the world and those who dwell in it!
Let the rivers clap their hands;
let the hills sing for joy together,
before the Lord, for he comes
to judge the earth.
He will judge the world with righteousness,
and the peoples with equity.
Scripture reveals God’s righteousness. It teaches us that God will judge with righteousness, as in Psalm 98 (cf. also Pss 9:8; 72:2; 96:13). As Paul reminds us in the New Testament, “God shows no partiality” (Rom 2:11). God will judge all people perfectly fairly, and Scripture shows us the perfect righteousness of God by which he will judge the world.
Scripture also presents God’s commands for us, according to which we will be judged. In Romans 2:6-8, Paul teaches, “He will render to each one according to his works: to those who by patience in well-doing seek for glory and honor and immortality, he will give eternal life; but for those who are self-seeking and do not obey the truth, but obey unrighteousness, there will be wrath and fury.” The New Testament repeatedly instructs us that God will judge all people according to their works (2 Tim 4:14; 1 Pet 1:17; Rev 2:23; 20:12, 13). Scripture is the standard for righteousness. God’s law is in Scripture. Scripture is the standard, then, for God’s judgment.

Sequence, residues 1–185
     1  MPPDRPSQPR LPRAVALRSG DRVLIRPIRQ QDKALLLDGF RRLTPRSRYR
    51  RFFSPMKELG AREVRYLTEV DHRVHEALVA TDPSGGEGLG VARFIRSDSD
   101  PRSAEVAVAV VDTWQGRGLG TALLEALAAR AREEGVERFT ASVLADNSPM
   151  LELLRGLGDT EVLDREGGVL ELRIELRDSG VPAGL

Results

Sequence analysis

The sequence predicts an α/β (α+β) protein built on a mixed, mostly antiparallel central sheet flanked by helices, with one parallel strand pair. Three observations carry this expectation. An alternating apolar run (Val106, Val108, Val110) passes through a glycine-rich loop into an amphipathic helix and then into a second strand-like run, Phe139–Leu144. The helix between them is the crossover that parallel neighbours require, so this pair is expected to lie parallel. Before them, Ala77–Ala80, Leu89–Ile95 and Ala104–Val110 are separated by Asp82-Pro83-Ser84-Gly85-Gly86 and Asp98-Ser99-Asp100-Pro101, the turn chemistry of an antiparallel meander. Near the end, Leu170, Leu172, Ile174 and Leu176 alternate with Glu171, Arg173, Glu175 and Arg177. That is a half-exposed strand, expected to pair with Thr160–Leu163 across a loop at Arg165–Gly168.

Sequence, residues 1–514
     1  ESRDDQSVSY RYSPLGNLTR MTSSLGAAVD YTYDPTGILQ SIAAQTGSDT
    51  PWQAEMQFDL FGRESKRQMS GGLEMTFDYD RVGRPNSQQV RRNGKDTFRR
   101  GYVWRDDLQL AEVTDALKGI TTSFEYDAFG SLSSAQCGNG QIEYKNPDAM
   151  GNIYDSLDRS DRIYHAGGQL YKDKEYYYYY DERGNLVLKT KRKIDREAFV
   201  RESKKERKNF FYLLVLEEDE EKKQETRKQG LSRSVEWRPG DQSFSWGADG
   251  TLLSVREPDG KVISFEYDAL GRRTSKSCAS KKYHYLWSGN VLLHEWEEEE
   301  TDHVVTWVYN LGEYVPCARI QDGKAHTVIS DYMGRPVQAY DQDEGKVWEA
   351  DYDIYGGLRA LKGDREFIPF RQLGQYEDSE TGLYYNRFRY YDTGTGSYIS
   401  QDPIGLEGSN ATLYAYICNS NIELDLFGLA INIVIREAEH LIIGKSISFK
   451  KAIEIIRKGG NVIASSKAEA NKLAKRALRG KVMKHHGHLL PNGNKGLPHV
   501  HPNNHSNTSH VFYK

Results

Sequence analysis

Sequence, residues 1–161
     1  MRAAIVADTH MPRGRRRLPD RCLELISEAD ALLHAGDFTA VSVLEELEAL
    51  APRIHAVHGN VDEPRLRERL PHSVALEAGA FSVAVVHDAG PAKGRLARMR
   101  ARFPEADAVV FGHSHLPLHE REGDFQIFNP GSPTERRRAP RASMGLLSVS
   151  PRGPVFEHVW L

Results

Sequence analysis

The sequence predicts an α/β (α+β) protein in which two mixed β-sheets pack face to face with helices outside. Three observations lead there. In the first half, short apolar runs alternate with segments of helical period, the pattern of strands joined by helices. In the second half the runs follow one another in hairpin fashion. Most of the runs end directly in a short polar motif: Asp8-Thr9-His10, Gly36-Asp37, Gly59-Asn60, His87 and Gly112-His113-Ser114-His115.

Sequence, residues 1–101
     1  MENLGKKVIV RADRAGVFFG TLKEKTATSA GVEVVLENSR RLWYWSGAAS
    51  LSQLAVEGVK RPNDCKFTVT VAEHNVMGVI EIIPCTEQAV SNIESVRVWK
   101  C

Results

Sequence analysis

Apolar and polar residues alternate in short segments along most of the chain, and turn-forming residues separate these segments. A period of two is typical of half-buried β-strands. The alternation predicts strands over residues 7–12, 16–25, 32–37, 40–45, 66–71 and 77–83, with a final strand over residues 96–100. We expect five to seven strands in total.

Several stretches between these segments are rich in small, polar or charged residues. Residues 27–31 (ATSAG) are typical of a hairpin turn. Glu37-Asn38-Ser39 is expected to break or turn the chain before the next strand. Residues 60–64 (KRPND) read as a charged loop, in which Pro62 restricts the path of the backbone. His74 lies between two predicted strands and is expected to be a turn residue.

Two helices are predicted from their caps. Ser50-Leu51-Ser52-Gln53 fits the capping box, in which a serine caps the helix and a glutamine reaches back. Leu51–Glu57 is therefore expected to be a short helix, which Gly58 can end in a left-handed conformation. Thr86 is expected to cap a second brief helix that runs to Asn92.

Scripture: The Standard of Christian Unity
Scripture is also the standard for Christians’ unity within a local church. For Christians to have fellowship with one another in a local church as fellow church members, they must have a common understanding of how Scripture defines the church. Friendship Baptist Church gladly confesses with our fellow Southern Baptists that Scripture has clear standards for church membership and church governance, which our church strives to maintain.
Scripture puts two basic requirements on people for church membership: repentant faith in the Lord Jesus Christ (Gal 3:10; 1 Tim 3:15) and baptism as a public profession of that faith (Acts 8:12; 16:14-15, 30-34, 40; 18:8).
The New Testament also teaches that each local church is autonomous under the Lordship of Jesus Christ (2 Cor 8:1-5; Rev 2-3). Each church democratically determines its doctrine (Rev 2:6, 14-15, 20), membership (1 Cor 5:1-2, 4-5, 7, 12-13), and leadership (1 Tim 5:19-20).
(Future blog posts on Article VI of Friendship’s statement of faith will defend the above biblical definitions of church membership and governance.)
Scripture: The Standard of Our Judgments